Miss Peregrine’s Home For Peculiar Children Review

by Alexandra Libertella

I’m a huge fan of Tim Burton’s work, idolizing Edward Scissorhands since I was a kid. This movie did not live up to my expectations, however. It was an adaptation of Ransom Riggs’ book of the same name. Shot in usual Tim Burton style, creepy, washed out colors, odd camera angles, the movie fell short of having a full plot.  

The whole film was very confusing, and right after I watched it I could not have told you what the plot was. The cast consists of “peculiars,” children that have odd powers, who live with Miss Peregrine in a home on an island off Wales. Miss Peregrine watches over and takes care of them, like a mother bird, and she literally is a bird when she shapeshifts into one. One peculiar girl controls air, and needs to wear lead shoes to stay on the ground. Another girl has a mouth on the back of her head. One has the power of fire built into her hands. There are two twin- inhuman looking boys- who don’t really do much until the end. A boy has the power to bring life back into anything dead, by inserting a beating heart into it. In the sanctuary, they are in a “time loop” and relive the same day in 1943 for eternity. Miss Peregrine has a pocketwatch and waits for the same time to work her magic and start over.  The time resets right when the bombs were dropped from Nazi planes. This didn’t seem to fit in well with the rest of the plot, nor was it explained deeply enough.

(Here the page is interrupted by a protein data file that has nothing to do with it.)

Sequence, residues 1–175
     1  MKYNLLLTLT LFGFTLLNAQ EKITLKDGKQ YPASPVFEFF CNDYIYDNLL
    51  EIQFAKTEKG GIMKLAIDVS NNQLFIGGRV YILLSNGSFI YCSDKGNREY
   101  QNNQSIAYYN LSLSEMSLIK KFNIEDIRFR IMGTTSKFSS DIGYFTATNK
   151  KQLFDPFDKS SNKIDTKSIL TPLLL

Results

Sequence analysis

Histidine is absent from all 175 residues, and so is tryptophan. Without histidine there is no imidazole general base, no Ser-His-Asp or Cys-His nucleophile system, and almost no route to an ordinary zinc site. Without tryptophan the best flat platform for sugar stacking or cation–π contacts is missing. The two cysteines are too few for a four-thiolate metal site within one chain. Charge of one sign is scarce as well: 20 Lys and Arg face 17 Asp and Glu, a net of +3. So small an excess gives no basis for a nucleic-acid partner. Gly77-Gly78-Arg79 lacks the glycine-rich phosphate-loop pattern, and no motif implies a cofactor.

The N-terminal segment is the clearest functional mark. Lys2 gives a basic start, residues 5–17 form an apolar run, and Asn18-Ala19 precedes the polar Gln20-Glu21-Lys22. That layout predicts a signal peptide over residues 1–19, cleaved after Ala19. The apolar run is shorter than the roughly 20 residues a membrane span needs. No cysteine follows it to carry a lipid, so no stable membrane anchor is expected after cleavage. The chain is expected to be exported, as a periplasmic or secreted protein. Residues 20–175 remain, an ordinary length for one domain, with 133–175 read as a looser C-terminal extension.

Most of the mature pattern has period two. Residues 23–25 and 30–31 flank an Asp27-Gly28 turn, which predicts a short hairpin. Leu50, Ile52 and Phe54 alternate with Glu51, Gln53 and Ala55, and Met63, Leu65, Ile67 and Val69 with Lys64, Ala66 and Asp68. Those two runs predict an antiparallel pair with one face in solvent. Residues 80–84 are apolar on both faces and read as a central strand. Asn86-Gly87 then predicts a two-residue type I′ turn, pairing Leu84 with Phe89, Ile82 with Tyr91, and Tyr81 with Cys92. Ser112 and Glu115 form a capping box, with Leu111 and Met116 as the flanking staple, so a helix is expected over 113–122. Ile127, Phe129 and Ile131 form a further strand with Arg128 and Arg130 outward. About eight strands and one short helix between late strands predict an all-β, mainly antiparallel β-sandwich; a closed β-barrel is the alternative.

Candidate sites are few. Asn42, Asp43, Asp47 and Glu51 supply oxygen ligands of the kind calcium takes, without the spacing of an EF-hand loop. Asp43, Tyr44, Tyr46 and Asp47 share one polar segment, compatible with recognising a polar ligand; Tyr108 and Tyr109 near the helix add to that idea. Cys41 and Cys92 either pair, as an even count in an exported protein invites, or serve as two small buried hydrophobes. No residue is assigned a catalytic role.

The main character, Jake, lives in Florida. His grandfather died in an unknown seemingly unreal way, and Jake recalls what he would tell him when he was younger. He would show Jake photos of the peculiar children. His grandfather actually lived in the home when he was younger and was the only peculiar to leave there. This inspires Jake to travel to the island in search of the home. He finds it and stays with the children.

The villains in this movie are “hollows,” huge creatures that are invisible to all the peculiars except Jake, who conveniently is able to see them. They also eat eyeballs. There are several close encounters with the hollows, and every day Miss Peregrine needs to shoot one that accesses their land. However, since she cannot see it, she needs to make sure that she shoots at the exact same time every day to kill it. Then, in a weird, rushed, plot-hole filled turn of events, there is an epic battle scene between the peculiars and the hollows. The end.

In all honesty, I am still unsure of what the movie was actually about. But, Burton’s eerie visuals and beautiful artistry made the movie a lot more likeable. Clocking in at just over two hours long, it dragged on a bit too much for me. Overall, I did not enjoy Miss Peregrine’s Home For Peculiar Children.

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